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Customer Retention: the True Measure of Success

By Nancy Drexler

Most people think of marketing as a sales tool and use their marketing dollars primarily to attract and recruit new customers. This is often a mistake. Acquiring new business is certainly necessary for the ultimate growth of a company, but marketing to your current client base is of equal, and often greater, importance than playing to an audience of unsigned business.

In the end, many businesses will actually grow more rapidly if they focus on retention instead of acquisition.

For economic reasons alone, marketing to your current customers serves as a more practical strategy. Companies spend far more money and energy finding new customers than they do trying to keep the ones they already have. Retention programs become relatively inexpensive when compared to the alternative cost of losing customers.

If you're an ISO/MLS, calculate the loss of one merchant from your portfolio, and you will understand the significance of retention. You've not only lost one month's residuals, but you've also lost one month's residuals over a lifetime.

Unless you successfully service the merchant, you've lost his potential referrals. You've also lost the expenses it will take to sign and train a new replacement merchant.

If you're an acquirer and you lose one ISO, calculate the loss of that ISO's merchants over a lifetime, his ISO referrals, and the cost of finding his replacement. You will find that it's quite expensive to neglect your customers.

Doting on Your Customers

Long-term benefits of a successfully launched customer retention program include not only your customers' increased value to your business, but also the prospects that these customers recommend. Customer retention programs are meant primarily to make your customers feel known and special, which gives them a sense of loyalty and commitment, a reason to stay.

Do you and your staff really know your customers? You should, and knowing their DBA names is not enough. The first step of a dedicated retention undertaking is getting to know your customers both inside and out. This includes learning about not only their business interests but also some things about them personally. Make sure that you share this knowledge with your staff so they can interact with clients accordingly.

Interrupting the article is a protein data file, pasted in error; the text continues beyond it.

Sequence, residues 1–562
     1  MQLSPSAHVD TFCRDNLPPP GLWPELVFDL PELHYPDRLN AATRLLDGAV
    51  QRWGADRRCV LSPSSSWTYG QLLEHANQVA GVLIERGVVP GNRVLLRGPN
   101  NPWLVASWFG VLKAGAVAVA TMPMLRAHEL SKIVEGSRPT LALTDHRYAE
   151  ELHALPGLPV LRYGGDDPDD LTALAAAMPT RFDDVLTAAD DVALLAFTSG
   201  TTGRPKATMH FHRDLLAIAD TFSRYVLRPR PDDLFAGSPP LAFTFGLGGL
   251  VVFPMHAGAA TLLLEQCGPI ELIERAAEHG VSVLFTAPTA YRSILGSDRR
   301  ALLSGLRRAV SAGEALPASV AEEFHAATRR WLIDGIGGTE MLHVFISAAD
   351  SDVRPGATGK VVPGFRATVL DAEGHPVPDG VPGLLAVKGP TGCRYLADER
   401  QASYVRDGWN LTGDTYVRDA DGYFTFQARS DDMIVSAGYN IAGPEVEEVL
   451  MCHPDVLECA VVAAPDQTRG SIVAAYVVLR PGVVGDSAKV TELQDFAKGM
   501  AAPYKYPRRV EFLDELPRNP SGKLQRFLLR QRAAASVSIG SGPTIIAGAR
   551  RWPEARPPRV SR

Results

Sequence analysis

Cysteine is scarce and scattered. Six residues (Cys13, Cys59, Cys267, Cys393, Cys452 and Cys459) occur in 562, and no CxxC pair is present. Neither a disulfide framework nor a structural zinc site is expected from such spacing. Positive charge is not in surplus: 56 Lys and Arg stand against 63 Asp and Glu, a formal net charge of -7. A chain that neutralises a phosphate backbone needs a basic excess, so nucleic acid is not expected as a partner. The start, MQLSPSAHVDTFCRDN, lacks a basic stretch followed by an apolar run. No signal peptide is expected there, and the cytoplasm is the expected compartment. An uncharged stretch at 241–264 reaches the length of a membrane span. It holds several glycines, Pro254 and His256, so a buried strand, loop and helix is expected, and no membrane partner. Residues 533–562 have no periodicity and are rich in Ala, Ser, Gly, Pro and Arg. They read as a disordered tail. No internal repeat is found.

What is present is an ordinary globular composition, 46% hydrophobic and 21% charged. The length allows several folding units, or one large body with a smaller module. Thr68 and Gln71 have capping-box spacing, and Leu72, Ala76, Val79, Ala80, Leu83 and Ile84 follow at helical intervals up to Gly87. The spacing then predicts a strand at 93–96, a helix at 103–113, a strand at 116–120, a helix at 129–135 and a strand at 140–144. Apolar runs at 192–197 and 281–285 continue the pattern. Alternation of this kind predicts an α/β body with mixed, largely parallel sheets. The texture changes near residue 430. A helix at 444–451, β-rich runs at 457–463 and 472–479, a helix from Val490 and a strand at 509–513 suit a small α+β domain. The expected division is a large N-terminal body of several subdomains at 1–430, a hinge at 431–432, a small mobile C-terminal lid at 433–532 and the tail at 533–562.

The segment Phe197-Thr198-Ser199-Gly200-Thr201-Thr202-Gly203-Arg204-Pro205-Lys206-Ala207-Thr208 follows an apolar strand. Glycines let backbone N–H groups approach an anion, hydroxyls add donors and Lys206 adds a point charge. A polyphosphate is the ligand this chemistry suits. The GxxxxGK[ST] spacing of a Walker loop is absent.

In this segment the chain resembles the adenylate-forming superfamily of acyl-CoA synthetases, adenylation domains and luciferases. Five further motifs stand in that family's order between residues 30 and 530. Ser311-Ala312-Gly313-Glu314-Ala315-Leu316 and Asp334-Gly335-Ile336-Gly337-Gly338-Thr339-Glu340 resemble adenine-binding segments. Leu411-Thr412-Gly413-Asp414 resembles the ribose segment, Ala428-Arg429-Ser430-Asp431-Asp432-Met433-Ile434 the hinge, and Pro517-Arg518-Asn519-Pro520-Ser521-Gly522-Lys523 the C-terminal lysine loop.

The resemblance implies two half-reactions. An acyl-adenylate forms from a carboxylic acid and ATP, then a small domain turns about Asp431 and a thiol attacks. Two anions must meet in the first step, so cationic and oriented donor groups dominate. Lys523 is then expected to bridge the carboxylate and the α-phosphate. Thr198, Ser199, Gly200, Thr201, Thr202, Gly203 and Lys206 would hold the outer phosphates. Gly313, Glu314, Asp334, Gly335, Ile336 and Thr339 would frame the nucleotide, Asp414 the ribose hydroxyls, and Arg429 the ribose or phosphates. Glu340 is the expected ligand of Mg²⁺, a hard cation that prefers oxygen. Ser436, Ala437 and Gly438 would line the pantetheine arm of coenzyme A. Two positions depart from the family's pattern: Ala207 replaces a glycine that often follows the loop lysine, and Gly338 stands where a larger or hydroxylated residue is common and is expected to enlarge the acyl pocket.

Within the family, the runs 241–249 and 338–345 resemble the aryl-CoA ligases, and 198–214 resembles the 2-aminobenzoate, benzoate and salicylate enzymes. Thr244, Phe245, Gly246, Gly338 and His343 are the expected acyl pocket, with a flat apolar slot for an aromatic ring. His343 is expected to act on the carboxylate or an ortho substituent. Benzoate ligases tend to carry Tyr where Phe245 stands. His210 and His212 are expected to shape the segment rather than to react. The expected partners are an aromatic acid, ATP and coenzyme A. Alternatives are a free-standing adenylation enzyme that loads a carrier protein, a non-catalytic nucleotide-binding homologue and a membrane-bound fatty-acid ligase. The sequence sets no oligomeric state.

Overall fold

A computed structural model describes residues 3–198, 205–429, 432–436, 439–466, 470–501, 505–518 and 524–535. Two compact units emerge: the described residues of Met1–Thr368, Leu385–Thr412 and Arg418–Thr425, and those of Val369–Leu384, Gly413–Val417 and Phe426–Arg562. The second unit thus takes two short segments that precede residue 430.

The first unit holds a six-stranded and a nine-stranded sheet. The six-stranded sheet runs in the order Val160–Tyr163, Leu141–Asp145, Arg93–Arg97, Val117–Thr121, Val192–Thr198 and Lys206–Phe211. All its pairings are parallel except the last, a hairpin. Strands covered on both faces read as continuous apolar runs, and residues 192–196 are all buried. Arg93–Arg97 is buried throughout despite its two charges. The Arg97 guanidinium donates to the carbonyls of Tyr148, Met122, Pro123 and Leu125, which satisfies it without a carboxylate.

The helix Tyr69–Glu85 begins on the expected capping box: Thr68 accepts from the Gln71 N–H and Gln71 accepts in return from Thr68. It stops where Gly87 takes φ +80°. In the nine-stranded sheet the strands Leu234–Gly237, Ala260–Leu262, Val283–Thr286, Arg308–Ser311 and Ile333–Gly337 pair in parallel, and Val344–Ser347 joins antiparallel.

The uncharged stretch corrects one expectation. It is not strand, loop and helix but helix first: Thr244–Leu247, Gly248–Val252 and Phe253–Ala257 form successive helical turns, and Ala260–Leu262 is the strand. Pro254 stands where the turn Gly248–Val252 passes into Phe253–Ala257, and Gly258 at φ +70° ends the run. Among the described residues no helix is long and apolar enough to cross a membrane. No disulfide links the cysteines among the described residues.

In addition, if your best merchant is Ted's Toy Shop, you should not only know how much volume the store brings in a month, but you should also know Ted, where he comes from and his goals for the business. If Ted is ambitious, help him reach his goals. His success will only mean your success.

If your staff comes across a press release or information about new products and events in the toy industry, share it with Ted. Let him know of the processing options that are right for him.

Even if gift cards don't earn you maximum profit, they're a great service for a merchant like Ted, so take the extra time to explain the available packages to him and show him how Ted's Toy Shop stands to benefit.

Not All Customers Are Created Equal

The next step to knowing your customers is realizing their varying value to your company. Not all customers are created equal. They do not all patronize your business consistently; they do not all generate equal profits; and they do not all respond to the same incentives. Therefore, they need not all be treated equally.

In general, the 80/20 rule applies: 80% of your sales come from only 20% of your customer base. If you divide customers into tiers, 20% would get the bulk of your marketing dollars, and the remaining 80% would be divided into a middle segment of customers with potential to grow, along with a bottom segment that provides little to no profitability and might possibly even counteract your profitability.

It's up to you to analyze the personal goals for your business and evaluate how you would like to draw the dividing lines within your customer base. Figuring out how each customer affects your revenue is not an activity that requires deliberation or extensive reflection. Base your groupings on facts such as which clients pull in how much volume each month and at what cost. From this information, determine how you will treat and market to each customer level.

One option is to focus your marketing efforts primarily on your top tier, as they are your primary profit-builders. It's important to keep this group aware of your presence through carefully designed marketing efforts. Making these high-level clients feel as if they are company insiders and privileged to information that average clients are not is an effective approach to customer service with this group.